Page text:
With the area secured, Detective Bryn Ridge volunteered to search the ditch. Making his way through the muck on his hands and knees, Ridge soon discovered clothing twisted around sticks and thrust into the ditch's bottom. The next to be found was Stevie Branch, quickly followed by Christopher Byers. All three had been submerged face down in the mud, stripped naked, and bound with their shoelaces. Covered in wounds, all three showed signs of having been beaten. The community's worst fears were confirmed. A murderer was loose in West Memphis.

A mishandled investigation of the West Memphis murders

According to Devil's Knot author Mara Leveritt, the investigation of the murders was divided along three lines. The first being that boys were killed by someone they knew. The second postulated that they had been slain by one or more strangers. The third put forth the unusual theory that the killings were committed as a cult ritual. Unfortunately, for three teen outsiders, the West Memphis Police Department chose to focus on the cult angle to the detriment of their efforts to investigate the other two, more likely scenarios.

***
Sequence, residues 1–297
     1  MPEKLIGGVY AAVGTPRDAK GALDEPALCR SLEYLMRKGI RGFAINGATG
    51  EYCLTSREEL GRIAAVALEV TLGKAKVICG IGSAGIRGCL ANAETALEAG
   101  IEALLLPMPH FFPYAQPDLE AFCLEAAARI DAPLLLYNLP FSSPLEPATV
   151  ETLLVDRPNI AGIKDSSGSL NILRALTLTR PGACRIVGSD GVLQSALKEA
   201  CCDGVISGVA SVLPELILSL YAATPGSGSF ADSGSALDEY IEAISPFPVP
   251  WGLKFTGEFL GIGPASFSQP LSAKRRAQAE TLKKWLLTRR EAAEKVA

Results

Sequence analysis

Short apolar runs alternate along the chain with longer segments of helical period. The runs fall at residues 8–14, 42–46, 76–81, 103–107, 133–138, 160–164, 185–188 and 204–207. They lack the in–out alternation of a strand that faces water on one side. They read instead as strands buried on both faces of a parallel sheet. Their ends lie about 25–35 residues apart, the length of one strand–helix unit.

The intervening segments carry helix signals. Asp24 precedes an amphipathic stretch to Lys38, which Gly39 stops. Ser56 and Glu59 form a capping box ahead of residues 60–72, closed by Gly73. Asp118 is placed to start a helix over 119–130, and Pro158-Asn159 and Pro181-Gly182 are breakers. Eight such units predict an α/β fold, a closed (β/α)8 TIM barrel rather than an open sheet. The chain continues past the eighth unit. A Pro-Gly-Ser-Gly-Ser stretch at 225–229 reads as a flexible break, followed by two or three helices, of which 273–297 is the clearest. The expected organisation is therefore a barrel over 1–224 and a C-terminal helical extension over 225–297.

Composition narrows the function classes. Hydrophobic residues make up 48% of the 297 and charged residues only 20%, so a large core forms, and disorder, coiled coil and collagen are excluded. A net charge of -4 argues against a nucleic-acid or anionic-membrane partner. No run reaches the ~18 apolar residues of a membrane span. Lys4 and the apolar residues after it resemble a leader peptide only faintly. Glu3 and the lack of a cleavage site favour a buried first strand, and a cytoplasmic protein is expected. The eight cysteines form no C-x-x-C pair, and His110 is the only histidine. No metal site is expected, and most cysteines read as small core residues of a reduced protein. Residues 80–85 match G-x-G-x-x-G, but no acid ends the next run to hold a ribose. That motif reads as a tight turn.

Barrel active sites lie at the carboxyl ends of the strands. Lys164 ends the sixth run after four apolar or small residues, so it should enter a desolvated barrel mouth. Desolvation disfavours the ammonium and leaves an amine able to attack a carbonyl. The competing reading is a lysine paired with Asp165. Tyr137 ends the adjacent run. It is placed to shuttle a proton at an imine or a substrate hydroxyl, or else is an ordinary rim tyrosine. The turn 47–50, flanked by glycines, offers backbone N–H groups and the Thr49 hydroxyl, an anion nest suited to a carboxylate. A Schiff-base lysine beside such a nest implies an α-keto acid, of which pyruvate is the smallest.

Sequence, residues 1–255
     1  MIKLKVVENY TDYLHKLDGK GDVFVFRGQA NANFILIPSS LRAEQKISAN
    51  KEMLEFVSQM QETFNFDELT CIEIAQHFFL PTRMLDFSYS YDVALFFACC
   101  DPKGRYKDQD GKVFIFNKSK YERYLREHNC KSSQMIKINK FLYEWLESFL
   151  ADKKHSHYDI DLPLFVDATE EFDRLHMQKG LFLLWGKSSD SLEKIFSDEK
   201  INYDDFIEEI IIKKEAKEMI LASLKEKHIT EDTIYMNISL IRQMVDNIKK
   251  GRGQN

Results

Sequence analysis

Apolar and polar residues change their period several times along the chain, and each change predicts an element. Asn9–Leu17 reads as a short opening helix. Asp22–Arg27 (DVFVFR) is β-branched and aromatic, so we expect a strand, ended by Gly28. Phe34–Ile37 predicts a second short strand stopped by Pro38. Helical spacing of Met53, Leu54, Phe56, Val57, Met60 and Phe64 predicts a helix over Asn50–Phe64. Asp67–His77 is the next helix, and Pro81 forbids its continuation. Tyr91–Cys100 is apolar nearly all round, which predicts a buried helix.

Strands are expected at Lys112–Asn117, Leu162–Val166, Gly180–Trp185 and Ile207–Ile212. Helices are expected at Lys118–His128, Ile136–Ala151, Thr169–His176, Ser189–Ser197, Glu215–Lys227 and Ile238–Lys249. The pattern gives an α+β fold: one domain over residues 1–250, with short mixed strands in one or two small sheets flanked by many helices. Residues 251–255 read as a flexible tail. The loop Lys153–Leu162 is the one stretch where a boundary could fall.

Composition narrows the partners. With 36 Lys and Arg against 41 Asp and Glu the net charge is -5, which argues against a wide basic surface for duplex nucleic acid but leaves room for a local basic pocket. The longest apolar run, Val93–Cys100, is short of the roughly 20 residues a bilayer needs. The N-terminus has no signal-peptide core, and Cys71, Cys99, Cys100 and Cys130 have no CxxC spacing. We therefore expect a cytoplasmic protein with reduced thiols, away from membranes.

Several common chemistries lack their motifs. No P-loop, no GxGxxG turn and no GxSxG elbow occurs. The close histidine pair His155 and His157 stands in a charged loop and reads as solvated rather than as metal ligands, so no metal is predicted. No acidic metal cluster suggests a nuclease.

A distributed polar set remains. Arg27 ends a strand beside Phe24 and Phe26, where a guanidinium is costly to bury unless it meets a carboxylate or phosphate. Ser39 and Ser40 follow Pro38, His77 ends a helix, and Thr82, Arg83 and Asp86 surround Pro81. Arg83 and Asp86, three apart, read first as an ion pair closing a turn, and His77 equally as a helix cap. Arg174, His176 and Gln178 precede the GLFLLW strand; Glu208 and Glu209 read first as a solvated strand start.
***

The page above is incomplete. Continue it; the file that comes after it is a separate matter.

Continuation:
However, within the first crucial hours after the bodies were discovered, mistakes were made at the crime scene that negatively impacted the investigation. The bodies had been removed from the water and placed on the adjacent embankment, possibly disturbing physical evidence or otherwise contaminating the scene. Although the bodies were discovered at 1:30 p.m., investigators didn't call the coroner until 3:58 p.m. By the time the coroner arrived, fly larvae were already present in the nostrils and eyes of the victims. Lying in the open air in near 80-degree temperatures accelerated the decomposition of the bodies. Luminol tests, which reveal the hidden presence of blood, were not performed at the scene until six days later.

Also, law enforcement chose not to focus on the victims' families as the starting point of the investigation as is the norm. None of the early interviews with the parents were recorded. Investigators kept minimal notes and omitted pertinent details including criminal records.

In the shadow of the Satanic Panic